Review of Becca Stevens at The Troubadour Club, 4th July
Updated: Jan 11, 2019
The renowned folk venue come historical landmark, the Troubadour Club, has seen the likes of Jimi Hendrix, Bob Dylan and Paul Simon walk its halls in the past and it is here that I first saw Kurt Elling- adored US songstress Becca Stevens perform a headline show - a quaint, cosy, almost fairy-tale setting highly appropriate for Stevens’ songs inspired by the works of Shakespeare.
Though usually heard alongside her impeccable bandmates: Jordan Perlson (drums), Chris Tordini (acoustic/ electric bass), Liam Robinson (accordion/ keys), tonight Becca performed solo. Minus her band but armed with her ukulele, Stevens’ was impressive in her ability to uphold all the firepower, rhythmic intensity and charm of a full band performance.
Having just released her critically acclaimed new album ‘Regina’, the performance largely consisted of this new material. ‘Regina’ is an album rife with catchy, poppy melodies (as heard on the title track - https://www.youtube.com/watch?v=Zd9Pty7f6v8), which sit neatly alongside more complex harmony and traditional Appalachian folk rhythms. However, die-hard fans of Stevens’ older material were also not left disappointed. Fellow singer-songwriters Michelle Willis and Oli Rockberger joined Becca tonight for several of her older tunes. The trio performed together a rendition of ‘Canyon Dust’ from Stevens’ critically acclaimed second offering Weightless. It was a unique performance capturing Becca’s writing and live performance chops – the complex harmonies, timbres, rhythms and textures made for an exciting live experience.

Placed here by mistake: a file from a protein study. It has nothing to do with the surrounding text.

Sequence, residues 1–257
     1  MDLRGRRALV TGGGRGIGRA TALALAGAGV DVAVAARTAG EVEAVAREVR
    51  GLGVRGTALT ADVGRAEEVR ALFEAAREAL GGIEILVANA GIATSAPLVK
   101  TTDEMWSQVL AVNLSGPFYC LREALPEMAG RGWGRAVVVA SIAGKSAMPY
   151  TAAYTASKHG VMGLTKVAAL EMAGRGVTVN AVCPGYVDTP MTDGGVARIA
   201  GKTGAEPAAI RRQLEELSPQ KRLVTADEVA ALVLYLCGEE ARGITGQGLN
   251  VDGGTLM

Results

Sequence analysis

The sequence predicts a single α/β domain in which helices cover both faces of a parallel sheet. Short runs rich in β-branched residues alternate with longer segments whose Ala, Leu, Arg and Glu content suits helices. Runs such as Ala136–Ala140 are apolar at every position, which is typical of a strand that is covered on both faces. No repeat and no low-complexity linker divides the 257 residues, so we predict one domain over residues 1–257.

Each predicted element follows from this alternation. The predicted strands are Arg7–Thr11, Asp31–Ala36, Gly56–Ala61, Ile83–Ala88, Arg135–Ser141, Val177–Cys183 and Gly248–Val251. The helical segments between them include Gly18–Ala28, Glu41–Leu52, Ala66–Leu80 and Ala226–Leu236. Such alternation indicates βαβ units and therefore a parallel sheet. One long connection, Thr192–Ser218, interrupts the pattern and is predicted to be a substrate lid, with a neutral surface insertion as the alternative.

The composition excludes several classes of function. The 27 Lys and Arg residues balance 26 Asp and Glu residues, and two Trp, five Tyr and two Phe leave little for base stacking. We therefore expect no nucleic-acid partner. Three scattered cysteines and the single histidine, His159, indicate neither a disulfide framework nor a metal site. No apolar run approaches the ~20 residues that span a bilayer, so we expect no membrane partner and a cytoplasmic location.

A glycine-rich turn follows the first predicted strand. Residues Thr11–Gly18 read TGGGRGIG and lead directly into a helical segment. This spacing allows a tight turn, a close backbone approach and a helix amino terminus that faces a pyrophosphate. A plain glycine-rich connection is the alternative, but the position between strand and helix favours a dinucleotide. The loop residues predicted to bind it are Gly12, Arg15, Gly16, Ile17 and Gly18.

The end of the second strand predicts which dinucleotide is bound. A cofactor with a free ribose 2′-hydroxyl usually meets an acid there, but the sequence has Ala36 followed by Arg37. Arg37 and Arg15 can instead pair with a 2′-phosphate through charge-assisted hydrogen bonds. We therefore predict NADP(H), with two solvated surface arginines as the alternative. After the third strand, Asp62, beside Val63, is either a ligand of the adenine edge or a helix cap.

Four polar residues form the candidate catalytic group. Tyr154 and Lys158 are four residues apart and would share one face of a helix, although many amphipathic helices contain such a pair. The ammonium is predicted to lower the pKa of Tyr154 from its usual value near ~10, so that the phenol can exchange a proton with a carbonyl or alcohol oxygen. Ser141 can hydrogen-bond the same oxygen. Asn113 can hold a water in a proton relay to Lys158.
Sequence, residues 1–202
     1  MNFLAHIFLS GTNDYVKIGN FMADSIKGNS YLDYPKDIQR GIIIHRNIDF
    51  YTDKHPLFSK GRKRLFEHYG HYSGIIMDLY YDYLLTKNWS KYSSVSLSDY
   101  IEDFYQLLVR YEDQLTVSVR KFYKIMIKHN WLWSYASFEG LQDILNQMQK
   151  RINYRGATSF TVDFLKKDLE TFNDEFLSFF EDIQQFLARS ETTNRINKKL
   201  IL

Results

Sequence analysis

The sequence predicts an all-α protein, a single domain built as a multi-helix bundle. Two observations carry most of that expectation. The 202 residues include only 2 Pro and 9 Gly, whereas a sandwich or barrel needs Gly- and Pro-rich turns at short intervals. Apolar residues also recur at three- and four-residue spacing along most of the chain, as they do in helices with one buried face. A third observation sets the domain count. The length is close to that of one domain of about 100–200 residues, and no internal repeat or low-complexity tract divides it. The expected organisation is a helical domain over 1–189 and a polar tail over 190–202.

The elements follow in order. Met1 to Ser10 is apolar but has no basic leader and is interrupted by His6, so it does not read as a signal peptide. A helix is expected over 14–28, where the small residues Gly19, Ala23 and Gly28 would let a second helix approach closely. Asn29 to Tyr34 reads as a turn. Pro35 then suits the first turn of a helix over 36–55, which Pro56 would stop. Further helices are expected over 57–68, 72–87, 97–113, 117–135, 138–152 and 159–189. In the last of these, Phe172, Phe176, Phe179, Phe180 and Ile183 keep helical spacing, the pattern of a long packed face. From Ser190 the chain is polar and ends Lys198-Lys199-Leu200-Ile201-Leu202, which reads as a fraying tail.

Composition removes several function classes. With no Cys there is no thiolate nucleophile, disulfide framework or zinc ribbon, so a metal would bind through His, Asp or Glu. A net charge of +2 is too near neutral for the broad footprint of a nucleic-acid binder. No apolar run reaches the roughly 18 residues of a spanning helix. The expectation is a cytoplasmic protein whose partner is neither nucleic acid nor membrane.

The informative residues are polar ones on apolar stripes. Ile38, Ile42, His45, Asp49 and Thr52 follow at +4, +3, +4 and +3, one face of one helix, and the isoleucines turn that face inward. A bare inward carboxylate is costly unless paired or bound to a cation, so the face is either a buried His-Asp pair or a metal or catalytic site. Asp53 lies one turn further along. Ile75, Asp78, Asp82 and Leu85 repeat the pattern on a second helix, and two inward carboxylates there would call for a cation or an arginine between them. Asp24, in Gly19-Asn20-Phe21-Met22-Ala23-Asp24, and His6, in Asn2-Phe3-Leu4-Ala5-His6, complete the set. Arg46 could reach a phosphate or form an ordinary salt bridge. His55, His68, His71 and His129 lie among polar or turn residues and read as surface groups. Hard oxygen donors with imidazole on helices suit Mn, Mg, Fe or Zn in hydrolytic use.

Another of Becca’s friends to attend and perform was the talented yet humble Laura Mvula. The duo performed ‘Well Loved’, a beautiful, rhythmically intricate song featuring interweaving vocals, Steven’s virtuosic ukulele and Mvula’s heart-wrenching vocals.
Having seen Becca perform at the 02 Academy Brixton supporting fellow innovators Snarky Puppy, it is clear to me that she truly shines brightest in an intimate space where her array of acoustic instruments may beautifully resonate within the room and the raw emotion from her performance can be fully felt. This effect was pertinent during her solo charango/ vocal performance of ‘Both Still Here’ from her new album; an emotional love song with strange, knowing chord changes which is simply addictive.
On the one hand, Stevens thrives in the presence of a small crowd and the intimacy of the Troubadour was perfect, but it must be said that in the presence of such brilliant musicianship, such low turnout was astonishing!